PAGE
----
While thousands of people took to the streets in today’s “March for Science” in honor of Earth Day, Trump responded with a press release as tone-deaf as it is contradictory.
In the press release, Trump immediately claims, “[his] Administration is committed to keeping our air and water clean, to preserving our forests, lakes, and open spaces, and to protecting endangered species.”
His policies say otherwise.
In February, Trump signed a bill ending the Office of Surface Mining’s Stream Protection Rule, which protected waterways from coal mining waste. After that, Trump signed a Congressional Review Act resolution, ending a financial disclosure requirement for energy companies. In March, Trump signed his “Energy Independence” executive order at the EPA. Per Reuters:
The order’s main target is former President Barack Obama’s Clean Power Plan, which required states to slash carbon emissions from power plants – a key factor in the United States’ ability to meet its commitments under a climate change accord reached by nearly 200 countries in Paris in 2015.
Trump’s decree also reverses a ban on coal leasing on federal lands, undoes rules to curb methane emissions from oil and gas production and reduces the weight of climate change and carbon emissions in policy and infrastructure permitting decisions. Carbon dioxide and methane are two of the main greenhouse gases blamed by scientists for heating the earth.
Trump’s statement goes on to claim that, somehow, “Economic growth enhances environmental protection… That is why my Administration is reducing unnecessary burdens on American workers and American companies…” Reminiscent of Representative Dave Brat (R-VA)’s claim that “Rich people, it turns out, like clean air and clean water,” to a chorus of boos at his own town hall, Republicans are operating under a faulty mindset that if we repeal regulations meant to protect the environment, we will get so rich that we can then afford to protect the environment. Another way, of course, would be to protect the environment in the first place.
The Obama Administration left a legacy of the strongest environmental protections in the history of the United States and, miraculously, managed to do so without decimating the American economy. In fact, the economy thrived. Under Obama, the unemployment rate dropped from 10% to 4.7% and 15.8 million private sector jobs were added, the longest streak of total job growth on record.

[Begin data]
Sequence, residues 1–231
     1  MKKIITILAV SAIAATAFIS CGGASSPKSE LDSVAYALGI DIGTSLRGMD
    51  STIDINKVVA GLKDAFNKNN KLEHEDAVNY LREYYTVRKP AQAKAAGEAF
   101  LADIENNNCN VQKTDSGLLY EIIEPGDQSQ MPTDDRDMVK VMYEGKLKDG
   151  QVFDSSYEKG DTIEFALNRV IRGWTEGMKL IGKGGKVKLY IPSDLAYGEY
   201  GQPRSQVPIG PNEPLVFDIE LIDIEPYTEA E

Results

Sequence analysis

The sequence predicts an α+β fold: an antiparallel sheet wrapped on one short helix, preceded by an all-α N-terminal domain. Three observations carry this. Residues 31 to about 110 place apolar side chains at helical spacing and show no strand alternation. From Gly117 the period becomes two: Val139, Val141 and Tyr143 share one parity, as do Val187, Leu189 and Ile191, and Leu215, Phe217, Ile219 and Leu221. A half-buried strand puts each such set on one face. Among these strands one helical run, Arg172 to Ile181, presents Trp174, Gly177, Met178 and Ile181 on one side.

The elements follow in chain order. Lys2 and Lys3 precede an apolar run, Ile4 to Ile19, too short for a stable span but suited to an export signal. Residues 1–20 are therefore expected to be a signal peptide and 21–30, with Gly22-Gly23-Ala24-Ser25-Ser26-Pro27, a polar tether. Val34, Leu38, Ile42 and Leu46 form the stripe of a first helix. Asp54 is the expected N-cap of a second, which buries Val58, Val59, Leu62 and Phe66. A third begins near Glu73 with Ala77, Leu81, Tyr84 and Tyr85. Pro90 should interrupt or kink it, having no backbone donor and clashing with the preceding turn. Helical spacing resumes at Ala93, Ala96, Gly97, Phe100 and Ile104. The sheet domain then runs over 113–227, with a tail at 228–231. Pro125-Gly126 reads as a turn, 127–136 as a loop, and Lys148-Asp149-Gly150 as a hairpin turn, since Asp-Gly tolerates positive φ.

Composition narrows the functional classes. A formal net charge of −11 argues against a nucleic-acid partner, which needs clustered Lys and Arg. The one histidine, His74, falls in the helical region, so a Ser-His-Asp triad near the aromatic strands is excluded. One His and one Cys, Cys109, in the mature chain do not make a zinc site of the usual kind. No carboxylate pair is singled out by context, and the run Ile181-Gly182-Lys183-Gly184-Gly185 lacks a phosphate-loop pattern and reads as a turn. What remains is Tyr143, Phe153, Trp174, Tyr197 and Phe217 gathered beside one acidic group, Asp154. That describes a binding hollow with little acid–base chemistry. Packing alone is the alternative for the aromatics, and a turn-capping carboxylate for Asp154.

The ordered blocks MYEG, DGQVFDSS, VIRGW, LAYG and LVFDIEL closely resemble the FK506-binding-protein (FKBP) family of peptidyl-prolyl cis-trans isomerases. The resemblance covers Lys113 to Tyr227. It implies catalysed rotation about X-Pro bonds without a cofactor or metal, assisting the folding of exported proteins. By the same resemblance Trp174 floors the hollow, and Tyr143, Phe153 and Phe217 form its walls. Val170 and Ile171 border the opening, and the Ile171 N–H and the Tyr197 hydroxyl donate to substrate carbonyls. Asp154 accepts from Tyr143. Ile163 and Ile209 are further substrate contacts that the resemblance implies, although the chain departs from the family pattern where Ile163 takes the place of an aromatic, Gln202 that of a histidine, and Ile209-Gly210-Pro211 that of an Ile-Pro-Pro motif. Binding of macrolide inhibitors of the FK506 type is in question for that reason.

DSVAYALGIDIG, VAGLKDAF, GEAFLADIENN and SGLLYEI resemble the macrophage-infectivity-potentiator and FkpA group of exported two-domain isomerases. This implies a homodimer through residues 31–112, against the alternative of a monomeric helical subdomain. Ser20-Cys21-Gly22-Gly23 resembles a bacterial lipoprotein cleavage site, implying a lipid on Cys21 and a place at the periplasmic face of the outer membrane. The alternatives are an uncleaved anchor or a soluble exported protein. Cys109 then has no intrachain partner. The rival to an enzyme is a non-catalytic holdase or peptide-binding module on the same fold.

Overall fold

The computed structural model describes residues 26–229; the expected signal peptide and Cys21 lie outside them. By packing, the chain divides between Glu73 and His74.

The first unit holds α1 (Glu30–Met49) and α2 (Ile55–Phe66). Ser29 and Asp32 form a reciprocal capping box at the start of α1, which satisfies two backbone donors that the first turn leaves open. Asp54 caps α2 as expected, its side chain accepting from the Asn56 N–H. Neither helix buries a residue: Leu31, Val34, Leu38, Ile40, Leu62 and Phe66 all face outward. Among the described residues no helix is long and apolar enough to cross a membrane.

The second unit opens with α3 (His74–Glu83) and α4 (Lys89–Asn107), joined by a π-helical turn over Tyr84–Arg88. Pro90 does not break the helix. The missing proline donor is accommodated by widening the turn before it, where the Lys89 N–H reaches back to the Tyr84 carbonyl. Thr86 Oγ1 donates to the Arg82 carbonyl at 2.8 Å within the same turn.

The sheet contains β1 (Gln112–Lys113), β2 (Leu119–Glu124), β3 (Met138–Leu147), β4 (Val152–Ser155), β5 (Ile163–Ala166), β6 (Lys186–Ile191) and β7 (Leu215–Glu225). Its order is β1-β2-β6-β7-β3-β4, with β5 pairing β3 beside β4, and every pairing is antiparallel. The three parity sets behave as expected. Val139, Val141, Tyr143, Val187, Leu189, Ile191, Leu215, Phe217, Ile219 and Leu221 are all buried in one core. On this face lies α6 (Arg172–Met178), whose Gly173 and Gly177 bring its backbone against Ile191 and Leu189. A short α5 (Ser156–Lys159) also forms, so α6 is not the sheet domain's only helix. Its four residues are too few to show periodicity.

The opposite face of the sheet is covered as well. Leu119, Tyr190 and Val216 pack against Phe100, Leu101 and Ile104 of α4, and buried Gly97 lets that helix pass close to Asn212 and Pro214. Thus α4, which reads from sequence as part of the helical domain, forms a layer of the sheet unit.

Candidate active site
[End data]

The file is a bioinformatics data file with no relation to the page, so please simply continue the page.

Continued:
Trump then states, “My Administration is committed to advancing scientific research that leads to a better understanding of our environment and of environmental risks.” Of course, that research – largely ignored by the Trump Administration – already exists. For example, we already know that carbon dioxide, a heat-trapping gas, is the primary driver of global warming, a fact that Scott Pruitt, head of the EPA, denies in the face of all research.
Trump also proposed cutting the EPA’s budget by 31%. This would affect states’ ability to monitor public water systems, to have access to safe drinking water, to police environmental offenders and impose penalties, to revive wetland habitats, to clean up toxic pollution and hazardous substances, to combat invasive species, to protect from radiation, to study the health consequences of chemicals in everyday products, to increase federal vehicle and fuels standards, and to protect the planet from the effects of climate change.
Trump finally concludes his conflict-riddled press release by offering a tepid appeal: “This April 22nd, as we observe Earth Day, I hope that our Nation can come together to give thanks for the land we all love and call home.” Look outside, President Trump, at the thousands of people marching in Washington D.C. at this very moment and you will realize that there is only thing standing in the way of truly giving thanks for that very land we “all love and call home.” And that’s you.
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Brian Tyler Cohen is a political writer, actor, and comedy sketch director. He graduated from Lehigh University with a dual degree in English and Business. He currently lives in Los Angeles.